We wonder if most small cities the size of Eugene-Springfield have as many great bakeries and as much yummy local bread as we do? Probably not. We have learned about another fine bakery, Saverio’s, in the nondescript strip mall at 625 W. Centennial Boulevard in Springfield. Primarily wholesale, it’s only open to retail customers 10 am to 3 pm Tuesday through Saturday. Cash or check only, but the baker says he’ll be accepting credit cards soon. The menu changes daily and is posted on Facebook. We bought right-out-of-the-oven bread and fresh croissants.
• There are cold nights in our future, and the hardworking folks at Egan Warming Centers are gearing up to open hearts and buildings to keep our unhoused community members from freezing. Please support them by volunteering or through donations via St. Vincent de Paul of Lane County, SVdP.us/get-involved/donate-funds. You can also keep dropping off warm items for White Bird Clinic’s Drive to Stay Warm here at 1251 Lincoln Street or donate at WhiteBirdClinic.org.
• Update: Event was canceled: Looking for fun holiday events for a good cause? Look no further than this fundraiser for Eugene Juneteenth! Juneteenth’s Ugly Sweater Skate Party is 2 pm Dec. 18 at the Bob Keefer Center, 250 S. 32nd Street in Springfield. A very limited number of skates and sizes are available to rent. And there will be music with DatBoi Smuve, games and raffle prizes. Pay what you can — $5-$15 — at the door, or ahead of time on Eventbrite. Search “Juneteenth’s Ugly Sweater Skate Party” to find the event. Or if you can’t make it to skate but want to support Eugene Juneteenth, reach out to EugeneJuneteenthCelebration@gmail.com.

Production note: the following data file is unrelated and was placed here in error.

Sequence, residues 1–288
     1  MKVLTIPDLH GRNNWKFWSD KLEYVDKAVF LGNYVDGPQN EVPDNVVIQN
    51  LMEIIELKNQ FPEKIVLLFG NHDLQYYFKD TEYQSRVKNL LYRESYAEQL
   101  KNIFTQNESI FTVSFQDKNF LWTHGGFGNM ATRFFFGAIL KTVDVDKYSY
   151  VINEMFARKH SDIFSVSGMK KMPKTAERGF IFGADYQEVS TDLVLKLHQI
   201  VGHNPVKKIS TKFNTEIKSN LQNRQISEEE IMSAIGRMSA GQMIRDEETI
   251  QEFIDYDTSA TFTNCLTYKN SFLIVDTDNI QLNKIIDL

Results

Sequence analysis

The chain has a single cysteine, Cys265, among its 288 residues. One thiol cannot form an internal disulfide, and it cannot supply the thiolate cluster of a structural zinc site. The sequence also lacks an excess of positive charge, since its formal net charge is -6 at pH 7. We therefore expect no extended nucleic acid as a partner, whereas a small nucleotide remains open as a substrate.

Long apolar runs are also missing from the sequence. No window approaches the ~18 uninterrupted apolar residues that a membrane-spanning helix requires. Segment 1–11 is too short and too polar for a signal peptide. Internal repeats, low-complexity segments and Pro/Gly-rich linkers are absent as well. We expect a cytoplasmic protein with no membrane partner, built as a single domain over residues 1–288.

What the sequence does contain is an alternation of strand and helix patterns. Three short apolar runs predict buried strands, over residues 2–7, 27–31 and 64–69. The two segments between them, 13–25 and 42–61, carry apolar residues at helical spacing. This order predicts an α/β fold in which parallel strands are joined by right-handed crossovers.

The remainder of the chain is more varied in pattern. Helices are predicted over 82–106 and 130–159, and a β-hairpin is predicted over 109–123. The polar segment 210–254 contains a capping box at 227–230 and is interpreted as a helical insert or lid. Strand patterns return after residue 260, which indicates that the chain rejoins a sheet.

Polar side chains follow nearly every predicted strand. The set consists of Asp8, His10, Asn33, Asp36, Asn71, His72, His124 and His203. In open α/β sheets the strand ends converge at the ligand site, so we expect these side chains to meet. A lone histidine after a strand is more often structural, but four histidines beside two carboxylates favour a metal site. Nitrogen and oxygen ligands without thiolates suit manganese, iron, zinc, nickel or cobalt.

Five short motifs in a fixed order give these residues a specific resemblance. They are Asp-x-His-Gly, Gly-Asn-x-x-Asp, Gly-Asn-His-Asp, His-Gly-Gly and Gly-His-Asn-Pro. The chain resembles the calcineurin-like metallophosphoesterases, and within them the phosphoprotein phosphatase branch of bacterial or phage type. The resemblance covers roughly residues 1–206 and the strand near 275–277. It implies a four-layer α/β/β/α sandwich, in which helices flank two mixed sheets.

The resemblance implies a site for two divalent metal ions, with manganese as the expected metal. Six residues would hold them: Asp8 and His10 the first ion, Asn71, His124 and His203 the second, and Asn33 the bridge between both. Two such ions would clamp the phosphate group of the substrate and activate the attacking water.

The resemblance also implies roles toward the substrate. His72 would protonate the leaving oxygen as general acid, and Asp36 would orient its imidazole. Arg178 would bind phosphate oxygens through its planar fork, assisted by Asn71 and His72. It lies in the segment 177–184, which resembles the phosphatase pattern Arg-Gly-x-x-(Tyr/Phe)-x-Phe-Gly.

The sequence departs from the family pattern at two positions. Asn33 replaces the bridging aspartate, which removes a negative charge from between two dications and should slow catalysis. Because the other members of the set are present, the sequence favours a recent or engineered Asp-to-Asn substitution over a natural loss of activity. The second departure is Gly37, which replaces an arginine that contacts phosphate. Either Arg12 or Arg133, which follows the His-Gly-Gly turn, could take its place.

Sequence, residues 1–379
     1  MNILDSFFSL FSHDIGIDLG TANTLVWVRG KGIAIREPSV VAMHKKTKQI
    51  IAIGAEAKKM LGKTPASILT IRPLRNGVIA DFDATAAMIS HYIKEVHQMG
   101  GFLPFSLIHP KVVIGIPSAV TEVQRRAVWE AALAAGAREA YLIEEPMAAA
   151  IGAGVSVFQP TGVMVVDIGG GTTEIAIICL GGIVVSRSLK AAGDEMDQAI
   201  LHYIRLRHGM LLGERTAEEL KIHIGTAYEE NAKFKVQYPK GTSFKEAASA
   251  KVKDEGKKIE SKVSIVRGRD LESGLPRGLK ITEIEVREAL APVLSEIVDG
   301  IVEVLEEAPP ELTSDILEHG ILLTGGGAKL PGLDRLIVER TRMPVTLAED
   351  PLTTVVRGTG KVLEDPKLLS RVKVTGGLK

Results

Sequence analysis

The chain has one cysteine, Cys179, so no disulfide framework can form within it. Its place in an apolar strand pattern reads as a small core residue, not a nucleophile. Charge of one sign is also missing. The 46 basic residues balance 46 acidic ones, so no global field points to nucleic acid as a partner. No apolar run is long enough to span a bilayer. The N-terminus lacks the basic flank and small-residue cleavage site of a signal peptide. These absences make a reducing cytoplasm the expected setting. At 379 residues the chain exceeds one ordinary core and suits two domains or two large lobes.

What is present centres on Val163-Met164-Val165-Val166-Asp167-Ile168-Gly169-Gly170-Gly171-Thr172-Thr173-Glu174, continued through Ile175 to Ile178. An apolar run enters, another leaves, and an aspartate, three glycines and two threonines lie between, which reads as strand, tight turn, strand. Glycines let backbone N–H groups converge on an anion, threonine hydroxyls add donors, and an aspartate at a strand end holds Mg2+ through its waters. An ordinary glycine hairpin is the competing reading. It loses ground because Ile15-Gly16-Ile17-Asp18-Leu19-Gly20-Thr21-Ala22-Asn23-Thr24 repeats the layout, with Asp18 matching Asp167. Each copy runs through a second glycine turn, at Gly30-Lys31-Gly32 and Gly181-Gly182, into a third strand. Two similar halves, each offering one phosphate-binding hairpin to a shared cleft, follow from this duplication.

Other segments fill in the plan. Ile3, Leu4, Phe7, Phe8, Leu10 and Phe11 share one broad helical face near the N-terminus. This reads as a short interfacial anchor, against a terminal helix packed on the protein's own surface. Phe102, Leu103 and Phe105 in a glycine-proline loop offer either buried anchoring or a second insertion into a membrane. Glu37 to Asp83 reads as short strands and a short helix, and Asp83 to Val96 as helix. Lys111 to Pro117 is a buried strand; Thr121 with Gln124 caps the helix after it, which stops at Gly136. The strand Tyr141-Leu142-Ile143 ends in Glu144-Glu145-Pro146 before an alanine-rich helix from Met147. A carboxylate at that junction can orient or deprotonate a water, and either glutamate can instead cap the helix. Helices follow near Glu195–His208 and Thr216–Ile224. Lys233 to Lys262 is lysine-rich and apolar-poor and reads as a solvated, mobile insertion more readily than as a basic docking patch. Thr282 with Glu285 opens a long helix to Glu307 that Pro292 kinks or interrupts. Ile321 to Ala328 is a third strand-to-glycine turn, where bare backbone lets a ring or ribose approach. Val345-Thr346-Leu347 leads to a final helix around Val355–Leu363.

• We are cautiously optimistic as we see EWEB commissioners heading toward decommissioning the Leaburg Dam and setting that section of the McKenzie River free. The ugly dam was built 90 years ago to provide power, but the Leaburg Canal has structural deficiencies and the dam has not generated power since 2018. EWEB can buy cheaper, climate-friendly power from the Bonneville Power Administration, so removing the dam itself — which EWEB says is at least 10 years down the road — will be good for ratepayers and good for the river, which is home to threatened Chinook salmon and bull trout, and its flow. Still to be ironed out, according to folks from McKenzie Flyfishers, are details like how will the Leaburg and McKenzie fish hatcheries function and how will hatchery fish be screened out?
• It’s time for Eugene City Club’s annual “Gifts to the City” program where 10 community members each spend three to four minutes describing — if they had a magic wand — the virtual “gift” they would give to the Eugene to make it an even better place to live, work and/or play. Retired pastor (and current Eugene Weekly columnist) Dan Bryant will host, and presenters include EW’s 2022 Best of Eugene Teacher of the Year Leah Dunbar and twin sister — and past Best of winner — Rena Dunbar; TransPonder Executive Director Kyle Rodriguez-Hudson; and Raining SLUG Queen Sativa Slugworth (aka Alyssa Buttons-Garten) to name a few. The event is noon Dec. 16 at Davis Restaurant, 94 West Broadway.
• What we’re reading: Mika In Real Life by Emiko Jean. This Pacific Northwest bestselling young adult author takes a foray into adult fiction with a book that’s a bit drama, a bit romance and a lot of lovely insights on motherhood, adoption and growing up Japanese in Portland. Eugene even makes a cameo.